Most certainly there is a need for the change of atmosphere in a school in both software and hardware. How can one have a learning process, which is not dictated by the final examination, the spectre of limited opportunities at public universities, finding alternate opportunities mean having money? Such stresses will not do anyone any good. 

Parents may heave a huge sigh of relief when they find that their child has managed to secure a place in the public university system, yet they cannot be happy to find that their son or daughter will be comparatively quite old when they come out of the university. It is not only parents that should be worried the decision makers and planners too. If you have your human resource spending two more years because of inefficiencies you really must be sensitive to the enormous opportunities lost as a result. 

It is definitely possible to eliminate this time difference that is taking place between the private and the public systems. Removal of this is an imperative. The public educational system just cannot afford to have this embedded deficiency and playing second fiddle to another.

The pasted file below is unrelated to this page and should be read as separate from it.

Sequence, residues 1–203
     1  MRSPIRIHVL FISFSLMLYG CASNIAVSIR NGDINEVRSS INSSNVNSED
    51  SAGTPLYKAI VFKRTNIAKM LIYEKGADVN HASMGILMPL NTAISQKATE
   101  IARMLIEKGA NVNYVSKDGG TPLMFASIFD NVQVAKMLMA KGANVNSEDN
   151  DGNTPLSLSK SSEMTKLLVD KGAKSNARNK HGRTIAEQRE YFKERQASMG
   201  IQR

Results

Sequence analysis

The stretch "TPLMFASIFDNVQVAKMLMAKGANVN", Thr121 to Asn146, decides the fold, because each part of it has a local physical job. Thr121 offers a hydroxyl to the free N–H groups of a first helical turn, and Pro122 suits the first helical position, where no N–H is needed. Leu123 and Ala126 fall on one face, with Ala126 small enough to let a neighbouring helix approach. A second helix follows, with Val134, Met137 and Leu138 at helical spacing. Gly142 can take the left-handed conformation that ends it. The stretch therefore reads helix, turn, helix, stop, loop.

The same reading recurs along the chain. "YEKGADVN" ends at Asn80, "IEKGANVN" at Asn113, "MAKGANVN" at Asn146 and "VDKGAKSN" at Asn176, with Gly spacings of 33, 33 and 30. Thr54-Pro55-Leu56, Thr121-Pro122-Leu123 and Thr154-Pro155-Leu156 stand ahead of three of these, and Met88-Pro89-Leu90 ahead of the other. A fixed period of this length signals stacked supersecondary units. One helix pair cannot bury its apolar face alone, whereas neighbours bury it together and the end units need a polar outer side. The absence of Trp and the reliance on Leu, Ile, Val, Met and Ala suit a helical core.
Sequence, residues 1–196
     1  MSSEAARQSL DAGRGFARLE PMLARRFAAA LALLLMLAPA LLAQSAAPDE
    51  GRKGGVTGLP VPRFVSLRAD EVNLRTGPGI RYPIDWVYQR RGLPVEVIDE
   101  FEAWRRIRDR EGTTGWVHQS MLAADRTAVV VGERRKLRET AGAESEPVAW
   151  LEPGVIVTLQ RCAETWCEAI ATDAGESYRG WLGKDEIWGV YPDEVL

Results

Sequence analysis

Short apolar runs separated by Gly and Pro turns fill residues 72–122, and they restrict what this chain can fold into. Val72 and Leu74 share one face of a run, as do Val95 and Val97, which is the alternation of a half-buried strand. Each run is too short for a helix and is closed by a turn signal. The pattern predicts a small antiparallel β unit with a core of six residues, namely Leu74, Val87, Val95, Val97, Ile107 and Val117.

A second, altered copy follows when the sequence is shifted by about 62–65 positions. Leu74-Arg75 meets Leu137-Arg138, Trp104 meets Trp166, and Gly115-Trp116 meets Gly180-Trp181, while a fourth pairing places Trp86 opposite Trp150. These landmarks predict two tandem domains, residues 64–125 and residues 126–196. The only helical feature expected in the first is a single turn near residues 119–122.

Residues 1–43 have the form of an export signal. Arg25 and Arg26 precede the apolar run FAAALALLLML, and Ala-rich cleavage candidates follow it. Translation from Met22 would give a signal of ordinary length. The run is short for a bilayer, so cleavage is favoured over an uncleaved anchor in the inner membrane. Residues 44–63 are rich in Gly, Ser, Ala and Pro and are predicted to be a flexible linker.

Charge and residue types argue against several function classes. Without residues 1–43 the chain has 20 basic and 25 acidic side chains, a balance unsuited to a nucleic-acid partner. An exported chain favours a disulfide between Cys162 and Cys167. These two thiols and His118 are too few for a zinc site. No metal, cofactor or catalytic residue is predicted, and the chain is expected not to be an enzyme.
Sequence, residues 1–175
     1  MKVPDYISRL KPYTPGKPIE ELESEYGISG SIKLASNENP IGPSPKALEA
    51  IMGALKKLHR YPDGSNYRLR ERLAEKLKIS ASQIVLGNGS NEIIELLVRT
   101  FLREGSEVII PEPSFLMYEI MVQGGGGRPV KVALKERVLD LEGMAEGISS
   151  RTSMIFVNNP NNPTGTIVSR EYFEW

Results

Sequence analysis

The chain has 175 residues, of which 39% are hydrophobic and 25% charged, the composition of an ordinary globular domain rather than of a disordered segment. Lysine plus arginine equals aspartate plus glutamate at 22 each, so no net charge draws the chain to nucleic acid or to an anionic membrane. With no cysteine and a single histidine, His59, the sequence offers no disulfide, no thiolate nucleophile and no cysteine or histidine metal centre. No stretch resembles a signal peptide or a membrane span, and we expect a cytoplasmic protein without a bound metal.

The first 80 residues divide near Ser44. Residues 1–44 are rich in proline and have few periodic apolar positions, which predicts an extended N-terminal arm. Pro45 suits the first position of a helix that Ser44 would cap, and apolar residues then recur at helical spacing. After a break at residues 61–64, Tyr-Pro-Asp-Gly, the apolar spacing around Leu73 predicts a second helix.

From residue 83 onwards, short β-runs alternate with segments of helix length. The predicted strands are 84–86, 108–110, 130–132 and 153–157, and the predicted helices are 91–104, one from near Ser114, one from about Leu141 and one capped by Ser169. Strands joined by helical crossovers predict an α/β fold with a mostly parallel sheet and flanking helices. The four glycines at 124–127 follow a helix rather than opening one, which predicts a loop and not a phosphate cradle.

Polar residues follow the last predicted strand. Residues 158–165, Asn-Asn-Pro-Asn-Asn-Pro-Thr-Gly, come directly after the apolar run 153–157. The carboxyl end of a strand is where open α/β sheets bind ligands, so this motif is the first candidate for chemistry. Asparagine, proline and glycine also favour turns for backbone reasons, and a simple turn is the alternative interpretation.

No interest in sharpening the blade

Nelson Mandela stated, “Education is the most powerful weapon which you can use to change the world.” Over a long period of time we have been dealing with quite a blunt weapon and with no interest in sharpening the blade. 

My short conversation seriously implanted in my mind the need to address these serious deficiencies – we have not much of love for learning, so much interest in money yet no sign of entrepreneurship, multiple systems with different speeds with the national system being the slowest, we can learn Korean with speed but not English even if we study for many, many years, etc. 

Sri Lanka is in serious need of competent human capital but we see mass migration and mass employment as three-wheeler drivers and graduate assistants. I see the need for change… do you?